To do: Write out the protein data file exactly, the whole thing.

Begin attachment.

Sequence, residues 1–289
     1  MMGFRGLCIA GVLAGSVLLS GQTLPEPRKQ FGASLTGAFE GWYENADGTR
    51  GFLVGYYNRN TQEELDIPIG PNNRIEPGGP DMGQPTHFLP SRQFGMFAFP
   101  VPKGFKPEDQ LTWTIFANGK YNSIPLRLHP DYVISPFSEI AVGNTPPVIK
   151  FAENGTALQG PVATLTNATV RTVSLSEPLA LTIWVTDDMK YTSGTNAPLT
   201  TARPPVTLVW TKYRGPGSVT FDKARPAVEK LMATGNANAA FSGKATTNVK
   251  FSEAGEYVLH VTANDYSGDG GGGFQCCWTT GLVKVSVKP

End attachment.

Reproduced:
Sequence, residues 1–289
     1  MMGFRGLCIA GVLAGSVLLS GQTLPEPRKQ FGASLTGAFE GWYENADGTR
    51  GFLVGYYNRN TQEELDIPIG PNNRIEPGGP DMGQPTHFLP SRQFGMFAFP
   101  VPKGFKPEDQ LTWTIFANGK YNSIPLRLHP DYVISPFSEI AVGNTPPVIK
   151  FAENGTALQG PVATLTNATV RTVSLSEPLA LTIWVTDDMK YTSGTNAPLT
   201  TARPPVTLVW TKYRGPGSVT FDKARPAVEK LMATGNANAA FSGKATTNVK
   251  FSEAGEYVLH VTANDYSGDG GGGFQCCWTT GLVKVSVKP